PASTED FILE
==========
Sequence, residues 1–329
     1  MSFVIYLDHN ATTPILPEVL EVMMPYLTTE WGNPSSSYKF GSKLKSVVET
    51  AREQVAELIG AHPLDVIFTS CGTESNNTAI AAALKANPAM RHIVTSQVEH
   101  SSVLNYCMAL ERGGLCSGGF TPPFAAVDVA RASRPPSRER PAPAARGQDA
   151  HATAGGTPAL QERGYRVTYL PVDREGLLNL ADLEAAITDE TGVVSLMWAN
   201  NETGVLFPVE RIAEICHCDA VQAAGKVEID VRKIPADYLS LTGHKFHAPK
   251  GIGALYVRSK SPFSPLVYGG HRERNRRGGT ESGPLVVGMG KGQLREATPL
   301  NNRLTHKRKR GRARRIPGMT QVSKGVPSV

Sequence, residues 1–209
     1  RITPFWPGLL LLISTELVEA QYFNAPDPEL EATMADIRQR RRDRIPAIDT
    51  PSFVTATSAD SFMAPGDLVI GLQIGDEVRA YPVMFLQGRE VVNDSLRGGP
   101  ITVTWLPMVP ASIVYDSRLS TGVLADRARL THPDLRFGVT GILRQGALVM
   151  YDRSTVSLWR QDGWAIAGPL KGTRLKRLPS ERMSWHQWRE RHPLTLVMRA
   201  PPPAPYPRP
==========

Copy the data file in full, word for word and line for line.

Sequence, residues 1–329
     1  MSFVIYLDHN ATTPILPEVL EVMMPYLTTE WGNPSSSYKF GSKLKSVVET
    51  AREQVAELIG AHPLDVIFTS CGTESNNTAI AAALKANPAM RHIVTSQVEH
   101  SSVLNYCMAL ERGGLCSGGF TPPFAAVDVA RASRPPSRER PAPAARGQDA
   151  HATAGGTPAL QERGYRVTYL PVDREGLLNL ADLEAAITDE TGVVSLMWAN
   201  NETGVLFPVE RIAEICHCDA VQAAGKVEID VRKIPADYLS LTGHKFHAPK
   251  GIGALYVRSK SPFSPLVYGG HRERNRRGGT ESGPLVVGMG KGQLREATPL
   301  NNRLTHKRKR GRARRIPGMT QVSKGVPSV

Sequence, residues 1–209
     1  RITPFWPGLL LLISTELVEA QYFNAPDPEL EATMADIRQR RRDRIPAIDT
    51  PSFVTATSAD SFMAPGDLVI GLQIGDEVRA YPVMFLQGRE VVNDSLRGGP
   101  ITVTWLPMVP ASIVYDSRLS TGVLADRARL THPDLRFGVT GILRQGALVM
   151  YDRSTVSLWR QDGWAIAGPL KGTRLKRLPS ERMSWHQWRE RHPLTLVMRA
   201  PPPAPYPRP